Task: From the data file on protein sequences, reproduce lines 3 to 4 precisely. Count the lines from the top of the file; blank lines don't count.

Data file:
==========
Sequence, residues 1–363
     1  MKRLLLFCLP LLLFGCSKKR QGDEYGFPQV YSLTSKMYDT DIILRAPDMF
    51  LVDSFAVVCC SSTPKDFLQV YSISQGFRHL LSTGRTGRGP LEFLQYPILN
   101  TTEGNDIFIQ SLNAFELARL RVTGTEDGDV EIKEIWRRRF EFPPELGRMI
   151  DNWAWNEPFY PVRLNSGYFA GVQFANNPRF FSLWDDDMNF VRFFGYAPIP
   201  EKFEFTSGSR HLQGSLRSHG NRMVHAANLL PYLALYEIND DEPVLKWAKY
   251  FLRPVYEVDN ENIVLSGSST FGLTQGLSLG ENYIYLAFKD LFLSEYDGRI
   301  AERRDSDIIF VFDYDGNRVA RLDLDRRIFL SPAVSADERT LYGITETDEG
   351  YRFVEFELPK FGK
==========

    51  LVDSFAVVCC SSTPKDFLQV YSISQGFRHL LSTGRTGRGP LEFLQYPILN
   101  TTEGNDIFIQ SLNAFELARL RVTGTEDGDV EIKEIWRRRF EFPPELGRMI